Both internationally and domestically, a lot happened this past week. A coup in Sudan removed long-time leader Omar al-Bashir. Benjamin Netanyahu secured a historic fifth term as Israel’s Prime Minister. The Trump administration experienced some changes in staff. This and much more made this week a difficult one to follow.
Last Thursday, Wikileaks founder Julian Assange was arrested in London. The United States is hoping to have Assange extradited so they can charge him with the conspiracy of hacking into a Pentagon computer network in 2010, but this process may be more complicated than expected. Assange has spent the last seven years avoiding arrest in the Ecuadorian embassy, where he was granted asylum and citizenship. Following several grievances such as leaking information that interfered with other nations’ internal affairs and conflicts over his hygiene and attitude, the embassy revoked Assange’s citizenship which led to his arrest. Assange plans to fight his extradition, likely by claiming that his arrest is politically motivated.
Bernie Makes A Million
This week, Sen. Bernie Sanders drew criticism after he described himself as a millionaire. Following his unsuccessful 2016 bid for president, Sanders wrote a book, which is where this new wealth is coming from. Some have come to believe that his financial success undermines his political message and platform that have always been heavily critical of billionaires and wealthy corporate interests. Sanders and his campaign have rejected the criticism and reassured his supporters that his views remain unchanged. On April 15, the senator also released ten years of tax returns which showed, among other things, that he and his wife Jane earned $1.7 million over the past two years.
Herman Cain & Stephen Moore on the Federal Reserve?
Last week, President Trump announced his intention of nominating former presidential candidate Herman Cain to the Federal Reserve’s Board of Governors. The nomination drew fierce criticism from both parties, and Cain is now expected to withdraw himself from consideration. Several GOP senators said that they would not vote to confirm the nomination. Sen. Mitt Romney went as far as to tell reporters that, if Cain was given a seat in the central bank, the interest rate would be 9-9-9: a reference to Cain’s ridiculed 2012 presidential campaign promise to set a 9% business transaction tax, 9% personal income tax and 9% federal sales tax.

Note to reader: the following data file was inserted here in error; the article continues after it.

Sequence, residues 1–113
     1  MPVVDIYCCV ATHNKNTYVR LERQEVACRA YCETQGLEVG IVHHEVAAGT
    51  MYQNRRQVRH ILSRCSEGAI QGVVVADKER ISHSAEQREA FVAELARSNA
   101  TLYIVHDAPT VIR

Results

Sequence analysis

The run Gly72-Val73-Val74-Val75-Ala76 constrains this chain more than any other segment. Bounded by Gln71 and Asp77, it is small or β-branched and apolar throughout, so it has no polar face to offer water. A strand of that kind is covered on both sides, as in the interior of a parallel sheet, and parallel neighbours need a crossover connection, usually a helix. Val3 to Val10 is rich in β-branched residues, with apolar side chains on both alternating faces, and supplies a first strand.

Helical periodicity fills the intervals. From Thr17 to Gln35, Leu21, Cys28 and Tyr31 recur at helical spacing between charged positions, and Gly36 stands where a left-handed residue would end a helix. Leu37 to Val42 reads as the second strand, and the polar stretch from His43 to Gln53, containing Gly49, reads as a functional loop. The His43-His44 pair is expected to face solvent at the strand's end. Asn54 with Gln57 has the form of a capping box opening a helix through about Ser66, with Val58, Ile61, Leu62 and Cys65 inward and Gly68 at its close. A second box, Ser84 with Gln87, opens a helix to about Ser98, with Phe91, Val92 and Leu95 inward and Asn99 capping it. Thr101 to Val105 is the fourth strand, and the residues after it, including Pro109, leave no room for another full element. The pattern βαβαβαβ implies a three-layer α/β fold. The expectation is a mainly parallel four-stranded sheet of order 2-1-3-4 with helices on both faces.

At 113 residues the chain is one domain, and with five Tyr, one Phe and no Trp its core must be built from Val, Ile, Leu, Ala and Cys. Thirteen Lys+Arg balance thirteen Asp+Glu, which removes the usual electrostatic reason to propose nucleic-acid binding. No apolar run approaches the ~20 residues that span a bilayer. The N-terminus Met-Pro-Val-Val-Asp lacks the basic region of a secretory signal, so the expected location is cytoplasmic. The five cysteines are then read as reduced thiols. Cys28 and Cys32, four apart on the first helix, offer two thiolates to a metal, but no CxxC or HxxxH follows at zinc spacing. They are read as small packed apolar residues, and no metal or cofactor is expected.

Though several GOP members have been vocal about not supporting Cain, likely torpedoing his nomination, it still remains unclear whether the sentiment carries over to the president’s other prospective nominee Stephen Moore. Moore is best known for being a conservative political commentator and like Cain, has some questionable beliefs regarding economic policy. Moore has admitted to not being an expert on monetary policy, and during the Obama presidency he supported a return to the gold standard. On a personal note, Moore owes over $75,000 in back taxes, was held in contempt of court for failing to pay alimony and child support and court records show that he discussed having a mistress in his children’s presence.
Kirstjen Nielsen Resigns
Last Sunday, following a meeting with President Trump, Kirstjen Nielsen resigned as the president’s homeland security secretary. During her tenure as secretary, Nielsen drew criticism from the president regarding the U.S.-Mexico border. In recent weeks, Trump had asked Nielsen to close all ports of entry on the southern border and reject asylum seekers, which she refused to do. During their 30-minute meeting, the president had already planned to ask Nielsen for her resignation, which she submitted soon after. Nielsen’s successor as acting head of Department of Homeland Security will be the commissioner of U.S. Custom and Border Protection Kevin McAleenan.
On Wednesday evening, Benjamin Netanyahu secured his fifth term as Israel’s Prime Minister after his rival, former army chief Benny Gantz, conceded defeat. Netanyahu will go on this summer to become Israel’s longest-serving leader. During the election, Netanyahu faced possible indictments for bribery and breach of trust offenses. Toward the end of the campaign, Netanyahu promised to annex the West Bank settlements if re-elected. Netanyahu told supporters that his new strongly right-wing government would mark a new, weakening left-wing government.
Two days following a coup in Sudan, the interim military leader pledged to “uproot the regime.” Lt-Gen. Abdel Fattah Abdelrahman Burhan announced the restructuring of institutions, the end of curfews and the release of political prisoners. Gen. Burhan replaced the coup’s leader after he resigned on Friday for unspecified reasons. While also dissolving all provincial governments, the general vowed to respect human rights. The army has said it will maintain peace and security throughout Sudan for at most two years, until proper elections could viably be held. Despite this, protests across Sudan continue as many people demand immediate transition to civilian rule.
As the number of Democratic presidential candidates has swelled to 18, former Vice President Joe Biden is believed to be finishing the preliminary steps to begin his campaign. If Biden does run, he will likely do so as an extension of former President Obama’s successful campaigns. During a labor union event, he went as far as calling himself an Obama-Biden type of Democrat. This upcoming week may see Biden make significant steps toward finally announcing his 2020 presidential bid.